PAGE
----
This article was originally published by Telemundo 20. To read the original story, click here.
In the last 24 hours, at least two possible human smuggling attempts using jet skis as a means of transportation have been reported near Imperial Beach.
Around 11 p.m. Monday, U.S. Customs and Border Patrol (CBP) agents saw two jet skis near the shore of Silver Strand State Beach traveling south. Later that night, an abandoned jet ski was found in Imperial Beach.
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When agents went to investigate the scene, they only found two things: footprints in the sand and the two abandoned watercrafts. A search was launched for anyone that could have been connected to the jet skis, but no such person was found.
“This isn’t a new phenomenon, but what may be new is that they’re being used again,” said Pedro Ríos of the Amigos Americanos committee.
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Ríos, a San Diego-based activist, said this method of transportation isn’t too unusual for those looking to enter the U.S. from Mexico illegally.
“In past times they’ve been used and as time goes by, techniques and tactics used to cross are changed,” he said.
According to CBP, what happened Monday night was repeated early Tuesday when another jet ski was spotted at dawn. When agents went to respond, no one was seen. Like the previous day, only an abandoned watercraft was there.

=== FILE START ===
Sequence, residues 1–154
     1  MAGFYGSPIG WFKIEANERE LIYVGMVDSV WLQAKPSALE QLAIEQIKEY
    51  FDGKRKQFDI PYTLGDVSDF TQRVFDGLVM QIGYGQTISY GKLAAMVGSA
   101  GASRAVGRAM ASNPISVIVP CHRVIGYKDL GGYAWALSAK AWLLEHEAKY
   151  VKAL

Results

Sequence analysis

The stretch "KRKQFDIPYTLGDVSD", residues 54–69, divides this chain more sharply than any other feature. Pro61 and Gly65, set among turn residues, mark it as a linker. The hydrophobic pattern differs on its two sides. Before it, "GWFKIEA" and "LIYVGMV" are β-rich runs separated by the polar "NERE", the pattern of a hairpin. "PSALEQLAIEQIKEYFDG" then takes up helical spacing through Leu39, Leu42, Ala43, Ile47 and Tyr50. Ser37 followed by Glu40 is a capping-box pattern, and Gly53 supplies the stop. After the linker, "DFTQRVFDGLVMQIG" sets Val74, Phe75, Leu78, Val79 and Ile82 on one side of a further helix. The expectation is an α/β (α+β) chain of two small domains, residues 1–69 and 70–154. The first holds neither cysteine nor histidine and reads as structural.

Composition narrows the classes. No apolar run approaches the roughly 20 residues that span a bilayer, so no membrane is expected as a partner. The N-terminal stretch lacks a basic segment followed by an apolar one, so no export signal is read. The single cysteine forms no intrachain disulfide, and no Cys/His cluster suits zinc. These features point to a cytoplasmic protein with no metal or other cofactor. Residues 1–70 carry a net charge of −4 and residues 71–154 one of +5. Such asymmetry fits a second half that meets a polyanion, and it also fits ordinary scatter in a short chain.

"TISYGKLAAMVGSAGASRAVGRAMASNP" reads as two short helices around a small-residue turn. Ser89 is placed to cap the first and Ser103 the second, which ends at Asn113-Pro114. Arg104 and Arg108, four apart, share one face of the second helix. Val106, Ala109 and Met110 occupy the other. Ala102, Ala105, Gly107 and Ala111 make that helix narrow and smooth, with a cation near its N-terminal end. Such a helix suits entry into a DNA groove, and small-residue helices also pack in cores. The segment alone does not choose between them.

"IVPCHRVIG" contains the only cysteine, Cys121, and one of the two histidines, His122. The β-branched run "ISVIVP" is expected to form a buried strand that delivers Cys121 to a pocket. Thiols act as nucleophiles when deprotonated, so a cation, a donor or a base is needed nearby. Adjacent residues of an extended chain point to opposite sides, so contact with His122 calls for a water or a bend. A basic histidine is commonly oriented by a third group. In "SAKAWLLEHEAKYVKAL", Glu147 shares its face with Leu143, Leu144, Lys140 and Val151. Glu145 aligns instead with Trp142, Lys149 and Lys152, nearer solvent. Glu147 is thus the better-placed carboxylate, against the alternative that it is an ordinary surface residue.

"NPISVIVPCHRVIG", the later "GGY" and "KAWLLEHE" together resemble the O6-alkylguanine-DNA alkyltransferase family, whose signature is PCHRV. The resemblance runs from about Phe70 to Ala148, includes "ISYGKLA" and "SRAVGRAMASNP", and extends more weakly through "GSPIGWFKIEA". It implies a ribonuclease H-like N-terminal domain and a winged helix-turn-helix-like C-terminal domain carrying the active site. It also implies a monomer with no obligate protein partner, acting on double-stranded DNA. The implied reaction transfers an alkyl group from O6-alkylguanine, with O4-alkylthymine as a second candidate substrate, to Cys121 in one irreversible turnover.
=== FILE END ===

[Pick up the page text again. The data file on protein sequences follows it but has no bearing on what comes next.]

“These are cases of people trying to evade the watchtowers in the desert,” Ríos said.
CBP said in a statement that the number of illegal maritime crossings is at its highest point in Southern California. In this fiscal year alone, at least 250 incidents have been reported.
“Without a doubt, what concerns me most is that these people, in their desperation, are looking for ways to enter the U.S. through dangerous methods,” Ríos said.
CBP said during this fiscal year, there so far have been at least 1,150 arrests in connection with illegal border-crossing -- an increase of 104% compared to the previous year.
Authorities also said there have been reports of illegal crossings using boogie boards, surfboards and fish boats. The most common method remains pangas.
Ríos’ organization believes that part of the increase in illegal crossings is partly due to Title 42, a pandemic policy made by the Trump administration that can deny entry into the U.S. in the interest of public health. It allows the immediate expulsion of migrants to their native countries if they enter the country illegally.